REFLECTION: Nothing damages the morale of a workplace more than a collection of individuals whose response to every situation is to complain and criticize from the cozy confines of victimhood. “Isn’t it awful? How dare they? What were they thinking? Someone should do something about this!”
A recent conference participant, in a session I was delivering on encouragement and appreciation in the workplace, described this group as her BMW’s. Not the classic high priced automobile – but rather the folks who specialize in Bitching, Moaning, and Whining.
Her abbreviated description generated a considerable number of guffaws and knowing looks as other attendees nodded their heads in recognition. It seems the BMW problem is familiar to many. There might even be a few BMW’s ripping up the streets in your world.
ACTION: So what to do and how to handle them? Here is a four level response you might find useful.
1. Consider whether you might be an unintentional accomplice who encourages BMW behavior. Pay attention to how often you commiserate or provide a forum (a willing ear and shoulder) for tired old complaints.
2. Determine if there’s a legitimate concern at the root of the BMW response. If there is, engage the individual in action that works to resolve the issue.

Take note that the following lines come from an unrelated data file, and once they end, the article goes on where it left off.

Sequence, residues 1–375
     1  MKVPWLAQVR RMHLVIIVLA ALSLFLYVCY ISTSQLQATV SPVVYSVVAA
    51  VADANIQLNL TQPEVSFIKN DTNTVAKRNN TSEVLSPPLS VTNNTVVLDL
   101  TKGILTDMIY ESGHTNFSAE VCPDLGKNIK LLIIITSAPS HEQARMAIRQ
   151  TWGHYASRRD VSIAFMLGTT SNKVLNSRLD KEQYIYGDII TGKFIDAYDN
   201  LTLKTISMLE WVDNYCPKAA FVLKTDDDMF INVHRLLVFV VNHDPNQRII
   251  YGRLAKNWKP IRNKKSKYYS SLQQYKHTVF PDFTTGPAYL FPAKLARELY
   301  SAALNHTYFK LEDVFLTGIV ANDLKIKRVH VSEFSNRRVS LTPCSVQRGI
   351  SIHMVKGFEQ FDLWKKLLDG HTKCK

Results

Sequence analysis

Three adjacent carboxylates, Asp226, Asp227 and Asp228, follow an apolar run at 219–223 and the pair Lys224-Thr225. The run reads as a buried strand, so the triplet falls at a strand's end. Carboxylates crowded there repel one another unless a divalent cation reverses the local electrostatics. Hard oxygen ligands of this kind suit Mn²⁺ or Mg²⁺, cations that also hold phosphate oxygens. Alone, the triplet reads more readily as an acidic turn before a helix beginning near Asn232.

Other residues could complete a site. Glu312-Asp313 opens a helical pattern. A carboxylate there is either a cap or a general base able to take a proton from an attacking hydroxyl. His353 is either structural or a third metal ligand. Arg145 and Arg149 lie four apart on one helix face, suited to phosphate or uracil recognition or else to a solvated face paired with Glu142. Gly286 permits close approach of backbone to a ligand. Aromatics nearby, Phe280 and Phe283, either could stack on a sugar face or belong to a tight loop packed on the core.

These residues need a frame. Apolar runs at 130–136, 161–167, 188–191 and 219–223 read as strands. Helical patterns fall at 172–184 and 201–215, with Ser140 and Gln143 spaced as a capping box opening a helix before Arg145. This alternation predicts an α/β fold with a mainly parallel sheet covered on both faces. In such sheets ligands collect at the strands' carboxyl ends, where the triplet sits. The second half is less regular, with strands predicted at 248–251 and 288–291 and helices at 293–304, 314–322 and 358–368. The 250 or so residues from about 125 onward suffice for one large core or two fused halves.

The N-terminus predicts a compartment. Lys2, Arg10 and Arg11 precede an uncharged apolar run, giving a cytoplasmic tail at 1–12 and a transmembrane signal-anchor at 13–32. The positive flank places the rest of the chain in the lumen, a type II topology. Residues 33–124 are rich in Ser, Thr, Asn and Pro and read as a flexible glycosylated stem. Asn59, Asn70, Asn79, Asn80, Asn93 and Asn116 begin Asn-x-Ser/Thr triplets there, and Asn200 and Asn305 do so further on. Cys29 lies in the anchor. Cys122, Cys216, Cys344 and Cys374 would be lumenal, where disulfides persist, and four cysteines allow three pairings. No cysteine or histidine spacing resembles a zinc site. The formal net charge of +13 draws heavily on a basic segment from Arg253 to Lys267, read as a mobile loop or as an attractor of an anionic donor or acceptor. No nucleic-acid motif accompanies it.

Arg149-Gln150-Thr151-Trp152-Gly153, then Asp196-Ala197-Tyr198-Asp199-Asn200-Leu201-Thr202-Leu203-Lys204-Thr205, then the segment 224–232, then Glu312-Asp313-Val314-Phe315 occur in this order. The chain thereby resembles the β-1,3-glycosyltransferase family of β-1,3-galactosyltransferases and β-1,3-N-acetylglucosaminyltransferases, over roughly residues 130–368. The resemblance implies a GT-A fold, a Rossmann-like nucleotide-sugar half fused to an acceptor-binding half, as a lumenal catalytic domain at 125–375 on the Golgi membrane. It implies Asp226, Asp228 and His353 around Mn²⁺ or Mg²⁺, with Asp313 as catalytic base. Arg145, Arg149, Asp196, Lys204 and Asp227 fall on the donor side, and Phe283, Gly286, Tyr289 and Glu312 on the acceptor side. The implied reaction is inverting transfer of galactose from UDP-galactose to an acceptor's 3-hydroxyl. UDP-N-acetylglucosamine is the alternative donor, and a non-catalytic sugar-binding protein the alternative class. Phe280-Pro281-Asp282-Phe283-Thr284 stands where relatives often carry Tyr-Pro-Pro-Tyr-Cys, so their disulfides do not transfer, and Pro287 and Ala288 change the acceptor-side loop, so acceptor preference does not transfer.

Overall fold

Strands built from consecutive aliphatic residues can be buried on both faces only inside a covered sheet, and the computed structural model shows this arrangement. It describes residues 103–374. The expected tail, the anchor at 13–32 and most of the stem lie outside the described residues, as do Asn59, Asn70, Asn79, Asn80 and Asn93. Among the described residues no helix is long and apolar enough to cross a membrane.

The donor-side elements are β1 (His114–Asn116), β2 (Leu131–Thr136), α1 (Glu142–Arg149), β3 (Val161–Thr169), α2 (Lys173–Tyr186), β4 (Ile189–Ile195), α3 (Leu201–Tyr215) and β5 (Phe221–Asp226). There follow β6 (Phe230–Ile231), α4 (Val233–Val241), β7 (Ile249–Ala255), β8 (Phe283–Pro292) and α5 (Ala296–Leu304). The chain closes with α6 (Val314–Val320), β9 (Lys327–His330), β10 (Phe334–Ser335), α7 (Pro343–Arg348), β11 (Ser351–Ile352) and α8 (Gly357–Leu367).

3. Notice if BMW behavior has simply become an habitual response. If that’s the case, make the person aware of the situation. Try your hand at coaching a turn-around that steers the individual towards a more positive response.
4. Identify the business consequences and collateral damage to the team that flow from BMW negativity. Position the snide asides as the performance problems that they are. Lay out clear expectations for change and potential consequences if the BMW behavior continues.
Each of us has a right to our own thoughts – both negative and positive. We also have a choice about what we decide to express. That expression carries with it a responsibility for the impact of our words and actions. Make it clear that BMWs should be parked outside and are not welcome in your workplace.
PS – If the BMW’s in your life are spewing a black cloud over your family or community group, similar rules of the road apply.
QUOTE OF THE WEEK: “When you feel dog tired at night, it may be because you’ve growled all day long.” – Author Unknown (But clearly someone with a good deal of insight and a great sense of humor!)
RESOURCE OF THE WEEK: Check out this helpful article that includes Seven Tips for Minimizing Workplace Negativity .
READERS WRITE: In response to last week’s message, ‘Getting Out There’, Pause reader DO writes: I started doing yoga about 18 months ago. One of the big benefits is the conscious breathing. When I think about physical activity you’ve described, or just being outside, I believe the deeper breath is a part of the cleansing and brightening process. I’ve noticed at recent meetings and events that when people go outside at break time the first thing they do is take a big deep breath.